• Fund managers face legal leverage

    4-Dec-1999

    Peter Ford, partner, Nabarro NathansonDerek Sloan, partner, Allen & OveryAndrew White, partner, Rowe & MawUnilever's legal team is currently locked away in high-level talks, weighing the merits of a potential legal action against Mercury Asset ...

  • Further Scottish court chaos averted

    29-Nov-1999

    In a 30 second hearing, senior Scottish judges ruled that decisions made by Scotland's temporary sheriffs for the past 22 years were not invalid. The court pledged to provide reasons for its decision later.It was claimed in the case that the use of temporary sheriffs contravened the Sheriff Courts (Scotland) Act 1971, which allows for the use of temporaries only in times of emergency.The temporary sheriffs have now been made redundant following an appeal ...

  • Giving a dam for complaints flood

    4-Dec-1999

    Does the Law Society have the stomach to fight for client care or is it suffering from indigestion? Marlene Winfield has the diagnosis.Is the Law Society capable of enforcing client care? A case in point is Stuart Pilbrow. Mr Pilbrow asked a firm of solicitors for legal advice, but the firm failed to tell him the person handling his case was not a solicitor. When he found out, he refused to pay the bill. A county court decision in the firm's favour was overturned ...

  • Globalisation does not mean empire-building

    29-Nov-1999

    The loss of £54m would not exactly bankrupt Clifford Chance, even if it was not the UK branch of a US LLP after January. In the unlikely event that the lawsuit over a Chinese power station was successful and the firm had to pay the full damages claimed, it would not threaten the future of the firm nor the personal assets of partners.But the firm and its smaller rivals ...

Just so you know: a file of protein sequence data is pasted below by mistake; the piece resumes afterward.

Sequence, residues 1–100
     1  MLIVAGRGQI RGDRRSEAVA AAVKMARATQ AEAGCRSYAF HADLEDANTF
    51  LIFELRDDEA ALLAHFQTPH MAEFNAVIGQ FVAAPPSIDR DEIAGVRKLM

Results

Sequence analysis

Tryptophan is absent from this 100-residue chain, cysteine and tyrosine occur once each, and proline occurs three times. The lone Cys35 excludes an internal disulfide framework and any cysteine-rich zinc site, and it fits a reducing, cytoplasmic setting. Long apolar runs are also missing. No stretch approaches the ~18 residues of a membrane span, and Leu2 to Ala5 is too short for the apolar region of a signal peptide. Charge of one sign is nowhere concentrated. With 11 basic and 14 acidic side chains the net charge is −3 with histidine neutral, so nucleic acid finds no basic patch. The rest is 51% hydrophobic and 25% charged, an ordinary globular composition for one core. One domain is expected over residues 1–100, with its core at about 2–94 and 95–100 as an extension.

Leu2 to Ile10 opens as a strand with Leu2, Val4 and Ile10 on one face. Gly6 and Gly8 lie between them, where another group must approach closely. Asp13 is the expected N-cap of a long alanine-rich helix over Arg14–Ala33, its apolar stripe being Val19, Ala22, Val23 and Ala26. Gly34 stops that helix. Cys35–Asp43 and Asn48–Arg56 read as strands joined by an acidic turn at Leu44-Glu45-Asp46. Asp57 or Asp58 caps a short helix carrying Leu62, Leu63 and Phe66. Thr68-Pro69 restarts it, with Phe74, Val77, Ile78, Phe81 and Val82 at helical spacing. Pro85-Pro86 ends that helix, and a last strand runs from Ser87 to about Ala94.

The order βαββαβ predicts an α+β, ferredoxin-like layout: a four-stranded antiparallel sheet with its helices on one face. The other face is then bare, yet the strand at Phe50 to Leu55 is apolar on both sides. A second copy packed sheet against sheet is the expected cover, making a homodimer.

• Govt too slow on fixed fee contracts

    4-Dec-1999

    The Bar Council has accused the Government of dragging its feet over introducing a system of fixed fee contracting for high-cost cases.A Bar Council spokesman says that a working party was set up to look into the matter by the Lord Chancellor's Department early last year, but a decision has still not been made."We are urging the Government to finalise the system of fixed fee contracting in high cost cases as quickly as possible," he says.The ...

  • Hammond Suddards in online service launch

    4-Dec-1999

    Hammond Suddards is launching a national online legal service, called HammondsDirect, which will be run from the Bradford office, in a bid to attract more clients and to generate further business for the firm.The service will provide online and telephone legal support outside working hours for clients in an attempt to replicate the services offered by financial service clients such as Halifax, Bradford & Bingley, Prudential Banking and Egg.It will offer legal ...

  • Has the age of copyright passed?

    29-Nov-1999

    In the halcyon days BC (Before Computers), the entertainment industry aggressively protected its original catalogue material. The business has conventionally been about three things: rights, rights and rights.But in the brave new world AD (After Digitisation), will the accelerating pace of technological development and the mass piracy which constantly walks in its shadow shift the focus of music, film and games producers away from the notion of protecting ...

  • Herbert Smith Bangkok hires first Thai lawyer

    29-Nov-1999

    Herbert Smith's Bangkok office has hired its first Thai partner.Top corporate lawyer Kowit Somwaiya joins the office from his own firm, George & Kowit, where he was senior partner.He joined Herbert Smith last Monday and will be followed by a team of two or three assistants. He will concentrate on financing, restructuring, banking and corporate matters.Somwaiya recently drafted the Framework for Corporate Debt Restructuring in Thailand (The Bangkok ...

  • Hodgart Consulting merges with US firm Hildebrandt

    4-Dec-1999

    A UK and a US legal consulting firm are merging to form what will be the largest consultancy of its kind in the world.UK firm Hodgart Consulting is merging with Hildebrandt of the US on 1 May to form Hildebrandt International in the first transatlantic union of legal consultants.Francis Quinlan, a senior consultant with Hodgart, says the transatlantic element of the merger is "hugely important"."At the top end of our market we are operating internationally ...

  • Illness delays Vernon hearing

    4-Dec-1999

    A former Shakespeares consultant suspected of stealing more than u300,000 from the Birmingham firm claims he is too ill to face a Solicitors Disciplinary Tribunal hearing.Solicitor John Vernon, 61, who worked at Shakespeares for more than 30 years, failed to turn up for the hearing last week, citing ill health. The hearing was adjourned for two months.Vernon, of Belbrough-ton, Stourbridge, is currently under investigation by the West Midlands Police Fraud Squad ...